The bruise on my big toe was passing from the black stage to green and yellow. Didn’t hurt any less but it was still going away. I hadn’t really thought about it for days until I stared dumbstruck at the IM message on my computer. Then it throbbed as bad as the day I had hit it.
The message was from a friend in a city I lived in some years ago. One of his friends, a guy he had grown up with, was dead. It had been a stupid accident. The dieing hadn’t been quick. He had dropped a handgun and tried to catch it. When it stuck it fired. The bullet hit him in the chest. He had called 911 and was still conscious when the ambulance arrived. He finished bleeding out on the way to the hospital.
So why was I obsessing about the bruise on my toe? Less than a week earlier the same thing had happened to me. I had been in a rush and hadn’t properly snapped the safety strap on my USMC style shoulder holster. When I leaned over to police my brass the weapon, cocked and locked, slipped out and landed hammer spur first on my toe. It took less than a second and had been pointed at my chest when it struck. I got away with profanity and a limp for the rest of the day.
Stupid? Yes, that’s why we call them accidents. Why had the other guy died?
For one thing his weapon was a Czech CZ-52. Say what you will about the CZ-52, it’s a pretty serviceable, hard hitting sidearm for those that take the time to make friends with it. Unfortunately the Czechs were more concerned with coming in on budget than safety features. Mine was a Colt 1911. I’m not saying a 1911 will never go off when dropped, but this one didn’t. That brings me to the other reason I’m alive – fate, or in other words, pure dumb luck.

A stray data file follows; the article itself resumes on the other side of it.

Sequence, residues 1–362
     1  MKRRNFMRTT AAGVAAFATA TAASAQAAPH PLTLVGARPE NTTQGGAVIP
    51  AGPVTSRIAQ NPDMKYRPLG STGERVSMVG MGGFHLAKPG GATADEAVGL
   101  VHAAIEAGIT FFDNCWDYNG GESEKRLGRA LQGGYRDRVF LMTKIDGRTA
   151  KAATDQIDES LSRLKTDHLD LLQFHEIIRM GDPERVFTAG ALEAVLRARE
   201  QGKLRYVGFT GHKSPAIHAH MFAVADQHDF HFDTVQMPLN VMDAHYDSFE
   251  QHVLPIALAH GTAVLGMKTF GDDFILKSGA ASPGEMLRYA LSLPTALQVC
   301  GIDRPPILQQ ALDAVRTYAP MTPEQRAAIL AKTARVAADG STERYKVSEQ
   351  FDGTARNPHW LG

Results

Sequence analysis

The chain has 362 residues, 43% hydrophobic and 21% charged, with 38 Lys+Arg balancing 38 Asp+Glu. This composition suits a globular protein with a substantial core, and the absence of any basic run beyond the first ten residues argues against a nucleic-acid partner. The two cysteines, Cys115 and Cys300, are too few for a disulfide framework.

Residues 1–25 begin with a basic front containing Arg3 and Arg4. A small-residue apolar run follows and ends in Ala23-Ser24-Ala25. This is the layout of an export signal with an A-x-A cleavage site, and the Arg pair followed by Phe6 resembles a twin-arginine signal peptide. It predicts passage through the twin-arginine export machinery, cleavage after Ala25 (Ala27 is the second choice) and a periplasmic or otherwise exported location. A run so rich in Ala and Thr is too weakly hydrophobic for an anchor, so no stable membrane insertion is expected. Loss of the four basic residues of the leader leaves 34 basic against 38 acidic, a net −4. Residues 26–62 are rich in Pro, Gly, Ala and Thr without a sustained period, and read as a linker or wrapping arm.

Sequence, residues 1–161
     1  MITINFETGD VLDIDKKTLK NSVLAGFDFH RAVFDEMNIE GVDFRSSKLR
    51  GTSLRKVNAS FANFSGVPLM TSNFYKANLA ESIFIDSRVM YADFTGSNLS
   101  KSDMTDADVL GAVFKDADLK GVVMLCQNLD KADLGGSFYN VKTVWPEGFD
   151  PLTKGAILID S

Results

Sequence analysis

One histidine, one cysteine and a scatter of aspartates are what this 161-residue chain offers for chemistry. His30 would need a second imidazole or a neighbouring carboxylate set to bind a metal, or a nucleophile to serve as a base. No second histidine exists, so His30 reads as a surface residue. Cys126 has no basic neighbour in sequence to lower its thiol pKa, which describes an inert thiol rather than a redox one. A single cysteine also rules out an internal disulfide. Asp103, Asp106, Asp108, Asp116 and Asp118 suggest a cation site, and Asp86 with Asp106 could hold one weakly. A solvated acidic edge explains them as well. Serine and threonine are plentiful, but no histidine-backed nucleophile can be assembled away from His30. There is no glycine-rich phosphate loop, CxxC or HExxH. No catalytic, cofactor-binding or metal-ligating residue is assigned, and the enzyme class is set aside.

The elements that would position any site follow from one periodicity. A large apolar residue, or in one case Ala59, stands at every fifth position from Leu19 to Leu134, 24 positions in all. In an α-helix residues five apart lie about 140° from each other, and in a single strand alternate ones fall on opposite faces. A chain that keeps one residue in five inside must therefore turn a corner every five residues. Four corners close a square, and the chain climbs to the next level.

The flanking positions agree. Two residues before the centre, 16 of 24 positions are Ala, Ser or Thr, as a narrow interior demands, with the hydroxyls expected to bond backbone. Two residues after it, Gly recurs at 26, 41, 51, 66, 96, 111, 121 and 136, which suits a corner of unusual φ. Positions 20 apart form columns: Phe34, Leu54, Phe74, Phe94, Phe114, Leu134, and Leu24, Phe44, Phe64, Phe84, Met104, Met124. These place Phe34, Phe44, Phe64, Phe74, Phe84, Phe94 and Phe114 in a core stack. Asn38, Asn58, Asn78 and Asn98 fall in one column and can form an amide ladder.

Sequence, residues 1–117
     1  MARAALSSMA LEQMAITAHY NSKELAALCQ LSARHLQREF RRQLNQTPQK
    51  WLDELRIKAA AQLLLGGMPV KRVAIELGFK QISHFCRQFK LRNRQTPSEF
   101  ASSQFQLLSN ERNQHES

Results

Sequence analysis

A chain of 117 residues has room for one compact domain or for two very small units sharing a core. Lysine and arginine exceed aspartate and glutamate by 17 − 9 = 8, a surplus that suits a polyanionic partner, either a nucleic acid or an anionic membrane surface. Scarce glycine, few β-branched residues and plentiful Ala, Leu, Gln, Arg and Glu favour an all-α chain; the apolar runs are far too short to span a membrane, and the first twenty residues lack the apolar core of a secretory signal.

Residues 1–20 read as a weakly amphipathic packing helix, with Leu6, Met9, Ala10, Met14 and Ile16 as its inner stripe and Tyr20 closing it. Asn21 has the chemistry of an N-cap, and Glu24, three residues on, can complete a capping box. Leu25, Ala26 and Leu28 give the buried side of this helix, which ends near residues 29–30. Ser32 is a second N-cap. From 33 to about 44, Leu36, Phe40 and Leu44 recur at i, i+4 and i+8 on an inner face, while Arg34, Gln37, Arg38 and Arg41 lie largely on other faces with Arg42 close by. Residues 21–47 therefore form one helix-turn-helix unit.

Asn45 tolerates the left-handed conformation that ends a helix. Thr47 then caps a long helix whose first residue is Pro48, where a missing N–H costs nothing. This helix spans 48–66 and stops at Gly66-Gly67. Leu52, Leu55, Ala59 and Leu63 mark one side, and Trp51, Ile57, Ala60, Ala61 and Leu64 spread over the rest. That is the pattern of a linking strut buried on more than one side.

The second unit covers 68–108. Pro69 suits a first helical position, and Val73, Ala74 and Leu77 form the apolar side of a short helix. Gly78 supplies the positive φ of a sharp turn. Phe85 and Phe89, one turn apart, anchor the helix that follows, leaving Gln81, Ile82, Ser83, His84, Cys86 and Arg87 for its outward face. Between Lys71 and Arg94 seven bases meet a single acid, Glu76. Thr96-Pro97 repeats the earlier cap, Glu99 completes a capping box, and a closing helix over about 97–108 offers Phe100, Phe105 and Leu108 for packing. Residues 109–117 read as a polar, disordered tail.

All of us practice gun safety. But it only takes one moment of carelessness or thoughtlessness for disaster to strike. A long gun leaned against a fence that falls over. Better yet, reaching across to the passenger cab of a car or truck and taking a weapon by the barrel rather than going around the vehicle and taking it up properly. Then there is always that heart stopping BANG, often followed by someone exclaiming “But it was empty!” Sometimes it’s the voice of a child.
Kids and shootings accidents are a match made in hell. I grew up before gunlocks, and when gun safes were for the rich. I knew where my Dad’s guns where. I knew they were loaded. This was also in an age where there were still consequences. I knew the quickest way I would ever meet Jesus was to be caught playing with one of them.
Gun safes and trigger locks have their place, but they are no substitute for parenting. My father didn’t just tell me not to play with the guns, buy why. He also taught me how they worked. I knew where the safeties were and how to tell if a firearm was loaded. I have had accidental discharges, but not until I was an adult and should have known better. Thank goodness they never damaged anything but my pride.
Knowledge is one of the best cures for shooting accidents. Safe practices are a must. Know where your bullet is going to stop. What’s on the other side of those trees? Will your backstop absorb shotgun projectiles? How about handgun or rifle bullets? Is it tall enough?
Not all shooting accidents are accidental discharges. There are also ricochets. Hair triggers can cause embarrassing moments when a weapon discharges before the shooter intended it too. They can also be tragic. You might think it would be impossible for someone to load the wrong ammunition into a firearm. It isn’t and it can be disastrous.
The only way to stop all shooting accidents is to stop all shooting. There are lots of folks out there that would embrace that notion. I hope they hold their breath until it comes true. To me the best course of action is to follow the advice of the old sergeant from Hill Street Blues:
“Be careful out there!”